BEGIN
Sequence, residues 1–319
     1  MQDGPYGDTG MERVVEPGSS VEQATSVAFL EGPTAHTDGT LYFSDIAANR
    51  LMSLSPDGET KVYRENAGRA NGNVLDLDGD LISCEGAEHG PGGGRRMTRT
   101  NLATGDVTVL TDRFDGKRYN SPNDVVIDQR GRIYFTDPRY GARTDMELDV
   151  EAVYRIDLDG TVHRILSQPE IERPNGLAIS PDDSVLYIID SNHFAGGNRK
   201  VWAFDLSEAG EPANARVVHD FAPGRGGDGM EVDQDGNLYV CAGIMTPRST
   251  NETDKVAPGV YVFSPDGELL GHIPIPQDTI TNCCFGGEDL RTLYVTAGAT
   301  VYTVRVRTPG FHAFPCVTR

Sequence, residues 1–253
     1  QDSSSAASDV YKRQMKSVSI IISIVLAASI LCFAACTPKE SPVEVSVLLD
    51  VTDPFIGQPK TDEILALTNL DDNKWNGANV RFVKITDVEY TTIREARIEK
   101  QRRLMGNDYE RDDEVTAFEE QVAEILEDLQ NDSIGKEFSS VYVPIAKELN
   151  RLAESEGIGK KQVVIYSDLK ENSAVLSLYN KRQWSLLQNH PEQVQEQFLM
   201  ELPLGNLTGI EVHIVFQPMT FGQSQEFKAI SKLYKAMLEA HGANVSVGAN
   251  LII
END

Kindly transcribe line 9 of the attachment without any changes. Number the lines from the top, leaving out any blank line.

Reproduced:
Sequence, residues 1–253